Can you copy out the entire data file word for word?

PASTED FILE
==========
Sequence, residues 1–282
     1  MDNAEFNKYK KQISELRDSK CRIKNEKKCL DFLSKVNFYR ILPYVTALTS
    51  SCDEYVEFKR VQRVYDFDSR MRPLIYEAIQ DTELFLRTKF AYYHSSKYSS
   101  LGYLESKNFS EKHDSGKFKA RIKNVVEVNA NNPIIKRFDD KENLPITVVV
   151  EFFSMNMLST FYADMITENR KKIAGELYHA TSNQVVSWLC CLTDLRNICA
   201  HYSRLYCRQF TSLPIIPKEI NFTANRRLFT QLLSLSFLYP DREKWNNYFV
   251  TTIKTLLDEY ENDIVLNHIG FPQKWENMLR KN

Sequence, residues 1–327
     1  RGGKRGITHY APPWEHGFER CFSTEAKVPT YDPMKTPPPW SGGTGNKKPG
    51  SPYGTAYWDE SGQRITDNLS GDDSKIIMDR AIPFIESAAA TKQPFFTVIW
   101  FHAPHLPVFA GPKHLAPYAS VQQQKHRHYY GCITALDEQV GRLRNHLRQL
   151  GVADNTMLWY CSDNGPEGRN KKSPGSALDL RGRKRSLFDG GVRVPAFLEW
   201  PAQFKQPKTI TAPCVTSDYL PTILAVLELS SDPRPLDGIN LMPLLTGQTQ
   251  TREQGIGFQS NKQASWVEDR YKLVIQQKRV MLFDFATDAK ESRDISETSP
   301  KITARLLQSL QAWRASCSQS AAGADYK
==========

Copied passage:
Sequence, residues 1–282
     1  MDNAEFNKYK KQISELRDSK CRIKNEKKCL DFLSKVNFYR ILPYVTALTS
    51  SCDEYVEFKR VQRVYDFDSR MRPLIYEAIQ DTELFLRTKF AYYHSSKYSS
   101  LGYLESKNFS EKHDSGKFKA RIKNVVEVNA NNPIIKRFDD KENLPITVVV
   151  EFFSMNMLST FYADMITENR KKIAGELYHA TSNQVVSWLC CLTDLRNICA
   201  HYSRLYCRQF TSLPIIPKEI NFTANRRLFT QLLSLSFLYP DREKWNNYFV
   251  TTIKTLLDEY ENDIVLNHIG FPQKWENMLR KN

Sequence, residues 1–327
     1  RGGKRGITHY APPWEHGFER CFSTEAKVPT YDPMKTPPPW SGGTGNKKPG
    51  SPYGTAYWDE SGQRITDNLS GDDSKIIMDR AIPFIESAAA TKQPFFTVIW
   101  FHAPHLPVFA GPKHLAPYAS VQQQKHRHYY GCITALDEQV GRLRNHLRQL
   151  GVADNTMLWY CSDNGPEGRN KKSPGSALDL RGRKRSLFDG GVRVPAFLEW
   201  PAQFKQPKTI TAPCVTSDYL PTILAVLELS SDPRPLDGIN LMPLLTGQTQ
   251  TREQGIGFQS NKQASWVEDR YKLVIQQKRV MLFDFATDAK ESRDISETSP
   301  KITARLLQSL QAWRASCSQS AAGADYK